The charges didn’t touch Cuomo directly. Cuomo’s aggressive style and mastery of the legislative process meant that, while there’s been plenty of grousing, he’s suffered few direct challenges. He didn’t shy from picking up the phone and screaming at those who crossed him. “Machiavelli said it’s better to be feared than loved,” Muzzio says. “Cuomo is a practitioner of the art of being feared.”

With the pandemic, Cuomo found himself being loved. His daily news conferences were masterpieces of crisis communication – fact-based but full of compassion. Other governors held daily news conferences that became appointment viewing in their states but, given that New York is the media capital of the country, Cuomo received outside attention. His numerous appearances with his brother Chris on CNN may have been the definition of incestuous media relations, but Andrew Cuomo came across in that context as warm and fond.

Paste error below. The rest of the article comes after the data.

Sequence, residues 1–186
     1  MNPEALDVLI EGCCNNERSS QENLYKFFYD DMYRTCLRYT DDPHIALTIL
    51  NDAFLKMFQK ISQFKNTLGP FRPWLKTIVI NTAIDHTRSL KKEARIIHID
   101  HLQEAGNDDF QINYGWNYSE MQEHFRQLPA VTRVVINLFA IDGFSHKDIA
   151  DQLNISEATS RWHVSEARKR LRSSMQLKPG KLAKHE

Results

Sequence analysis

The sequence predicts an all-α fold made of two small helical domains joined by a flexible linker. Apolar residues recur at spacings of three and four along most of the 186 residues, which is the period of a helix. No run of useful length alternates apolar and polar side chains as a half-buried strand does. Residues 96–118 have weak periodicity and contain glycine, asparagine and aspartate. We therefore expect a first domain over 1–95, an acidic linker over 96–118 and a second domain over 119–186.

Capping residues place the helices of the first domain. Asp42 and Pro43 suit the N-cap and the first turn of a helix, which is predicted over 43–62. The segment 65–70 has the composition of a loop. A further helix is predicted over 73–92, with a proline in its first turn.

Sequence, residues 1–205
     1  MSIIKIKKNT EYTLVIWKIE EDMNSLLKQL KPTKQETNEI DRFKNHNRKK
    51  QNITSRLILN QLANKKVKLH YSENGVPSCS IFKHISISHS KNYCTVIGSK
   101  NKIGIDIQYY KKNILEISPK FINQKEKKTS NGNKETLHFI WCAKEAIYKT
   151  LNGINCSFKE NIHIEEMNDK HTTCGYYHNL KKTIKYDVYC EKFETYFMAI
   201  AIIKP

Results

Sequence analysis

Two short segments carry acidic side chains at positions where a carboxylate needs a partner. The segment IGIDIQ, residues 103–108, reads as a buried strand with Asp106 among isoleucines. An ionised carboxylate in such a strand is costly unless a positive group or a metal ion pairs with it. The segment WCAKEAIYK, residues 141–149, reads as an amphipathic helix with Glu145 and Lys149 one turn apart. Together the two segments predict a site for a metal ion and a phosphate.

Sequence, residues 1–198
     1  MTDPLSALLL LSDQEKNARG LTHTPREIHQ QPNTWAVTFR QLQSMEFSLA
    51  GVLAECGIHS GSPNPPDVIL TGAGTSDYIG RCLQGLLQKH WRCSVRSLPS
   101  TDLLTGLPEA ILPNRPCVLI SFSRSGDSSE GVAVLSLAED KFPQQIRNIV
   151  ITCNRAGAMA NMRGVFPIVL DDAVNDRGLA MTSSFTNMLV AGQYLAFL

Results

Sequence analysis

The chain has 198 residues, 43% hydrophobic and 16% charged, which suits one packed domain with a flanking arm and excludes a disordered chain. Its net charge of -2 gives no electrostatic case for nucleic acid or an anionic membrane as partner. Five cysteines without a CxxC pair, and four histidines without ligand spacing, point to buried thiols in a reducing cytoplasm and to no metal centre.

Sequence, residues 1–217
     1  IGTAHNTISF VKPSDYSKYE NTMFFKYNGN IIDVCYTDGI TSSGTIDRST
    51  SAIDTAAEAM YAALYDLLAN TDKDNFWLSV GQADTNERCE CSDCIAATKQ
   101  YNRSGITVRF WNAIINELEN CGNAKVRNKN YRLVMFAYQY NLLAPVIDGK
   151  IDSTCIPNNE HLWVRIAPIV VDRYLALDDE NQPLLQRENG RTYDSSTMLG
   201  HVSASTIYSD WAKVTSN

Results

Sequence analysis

Even when he wasn’t likable, the danger and fear involved in the pandemic’s early stages made him seem like the kind of leader the state needed. “In ordinary times, Mr. Cuomo’s relentlessness and bullying drive New Yorkers crazy,” The New York Times noted a year ago. “In the age of the coronavirus, they soothe our battered nerves.”

No Longer Lauded

New York was the initial epicenter of COVID-19 in this country, but then the aggressive approach Cuomo took helped drive down caseloads and deaths. In October, Cuomo published a book about “leadership lessons” from the pandemic. It seemed presumptuous, especially at a time when COVID-19 numbers were climbing back up.